On April 4, alumni of PSA’s Congressional Partnership Program returned from a ten-day trip to China organized by PSA and the U.S.-Asia Institute as part of the innaugural session of PSA’s new Worldview Series. Before the trip, participants attended three intensive seminars by experts on U.S.-China relations. During their travels in Beijing, Shanghi, Jiangxi Province, Congressional staffers met with officials from China’s Ministry of Foreign Affairs, the Embassy of the United States in Beijing, and leaders from Chinese civil society.
Ambassador Robert Gallucci attended an off-the-record dinner with alumi from the Congressional Partnership Program, where he discussed recent developments in North Korea’s nuclear weapon program and their global implications.
Ambassador Gallucci served as Dean of the School of Foreign Service for 13 years until he left in July 2009, to become president of the John D. and Catherine T. MacArthur Foundation. He was appointed dean in 1996, after 21 years of distinguished service in a variety of government positions, focusing on international security. As Ambassador-at-Large and Special Envoy for the U.S. Department of State, he dealt with the threats posed by the proliferation of ballistic missiles and weapons of mass destruction. He was chief U.S. negotiator during the North Korean nuclear crisis of 1994, and served as Assistant Secretary of State for Political Military Affairs and as Deputy Executive Chairman of the UN Special Commission overseeing the disarmament of Iraq following the first Gulf War. Ambassador Gallucci earned his Bachelor’s degree at the State University of New York at Stony Brook and his Master’s and Doctoral degrees at Brandeis University.
Partnership for a Secure America is excited to announce a new initiative with the US-Asia Institute for Winter/Spring 2016 called The Worldview Series: China. The US-Asia Institute and PSA have designed this unique educational program to improve congressional insight into China and better inform U.S. foreign policy decisions on Capitol Hill.
The series features off-the-record events with leading China experts from government, think tank, business, and academic arenas. Focusing on a holistic understanding of China’s economic, security, and domestic situation, this program aims to build a deeper understanding of the important decisions American policy-makers face regarding US-China relations.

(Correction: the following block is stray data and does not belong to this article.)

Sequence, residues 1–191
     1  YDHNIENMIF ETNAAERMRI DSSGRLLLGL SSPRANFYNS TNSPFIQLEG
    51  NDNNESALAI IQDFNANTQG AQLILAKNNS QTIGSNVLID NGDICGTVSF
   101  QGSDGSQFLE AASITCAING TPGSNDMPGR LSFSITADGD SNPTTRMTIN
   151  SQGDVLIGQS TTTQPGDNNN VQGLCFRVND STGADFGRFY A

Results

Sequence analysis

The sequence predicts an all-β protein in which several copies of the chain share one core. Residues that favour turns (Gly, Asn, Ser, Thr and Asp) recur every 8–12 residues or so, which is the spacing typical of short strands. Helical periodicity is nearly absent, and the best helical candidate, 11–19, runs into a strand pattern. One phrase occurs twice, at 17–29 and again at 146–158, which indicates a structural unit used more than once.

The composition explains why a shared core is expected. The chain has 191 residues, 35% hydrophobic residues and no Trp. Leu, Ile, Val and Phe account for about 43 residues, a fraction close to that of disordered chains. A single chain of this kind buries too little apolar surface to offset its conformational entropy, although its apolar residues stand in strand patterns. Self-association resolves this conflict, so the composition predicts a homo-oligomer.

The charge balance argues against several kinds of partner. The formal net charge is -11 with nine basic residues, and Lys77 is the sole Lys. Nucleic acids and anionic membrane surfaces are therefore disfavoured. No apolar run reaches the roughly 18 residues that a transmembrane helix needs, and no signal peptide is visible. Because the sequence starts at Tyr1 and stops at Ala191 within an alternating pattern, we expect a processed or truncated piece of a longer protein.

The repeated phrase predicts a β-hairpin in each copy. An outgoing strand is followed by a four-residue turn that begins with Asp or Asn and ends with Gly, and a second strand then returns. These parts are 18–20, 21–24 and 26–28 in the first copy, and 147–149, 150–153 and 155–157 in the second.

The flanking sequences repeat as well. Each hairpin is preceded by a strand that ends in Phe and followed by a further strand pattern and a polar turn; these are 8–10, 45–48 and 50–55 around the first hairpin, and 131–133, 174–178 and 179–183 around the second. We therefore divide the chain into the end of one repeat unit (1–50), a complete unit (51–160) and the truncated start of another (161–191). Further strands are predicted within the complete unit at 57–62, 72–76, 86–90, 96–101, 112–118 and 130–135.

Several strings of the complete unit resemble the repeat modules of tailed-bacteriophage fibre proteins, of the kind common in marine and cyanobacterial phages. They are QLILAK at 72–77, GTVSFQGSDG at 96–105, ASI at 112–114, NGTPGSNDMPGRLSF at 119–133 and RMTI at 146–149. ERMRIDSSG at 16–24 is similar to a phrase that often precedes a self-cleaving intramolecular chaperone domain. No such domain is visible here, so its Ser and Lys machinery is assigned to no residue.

The US-Asia Institute is a nonprofit founded by Esther Kee and the late Joji Konoshima devoted to improving understanding and strengthening ties between the people and governments of the United States and Asia.
Partnership for a Secure America is excited to announce a new initiative with the US-Asia Institute for Spring 2016 called “The Worldview Series: China”. The US-Asia Institute and PSA have designed this unique educational program to improve congressional insight into China and better inform U.S. foreign policy decisions on Capitol Hill.
The series features off-the-record events with leading China experts from government, think tank, business, and academic arenas, and culminates in a delegation to China. Focusing on a holistic understanding of China’s economic, security, and domestic situation, this program aims to build a deeper understanding of the important decisions American policy-makers face regarding US-China relations.
The US-Asia Institute is an educational participant in the Mutual Education and Cultural Exchange Act, authorized by the U.S. Department of State.
February 8– Robert Daly and Ambassador J. Stapelton Roy discussed China’s evolving governmental and domestic issues, including the origins and developments of China’s domestic policy and the foundations of Chinese foreign policy and how it explains their actions in the international community.
Robert Daly, Director of the Kissinger Institute on China and the United States at the Woodrow Wilson Center International Center for Scholars
Ambassador J. Stapelton Roy, Founding Director Emeritus of the Kissinger Institute on China and the United States at the Woodrow Wilson International Center for Scholars
February 22– Kenneth Lieberthal and David Dollar discussed China’s economy and trade, including the foundations of China’s economic and trade relations and economic partnerships and rivalries between the US and China and the struggle for economic influence in Asia.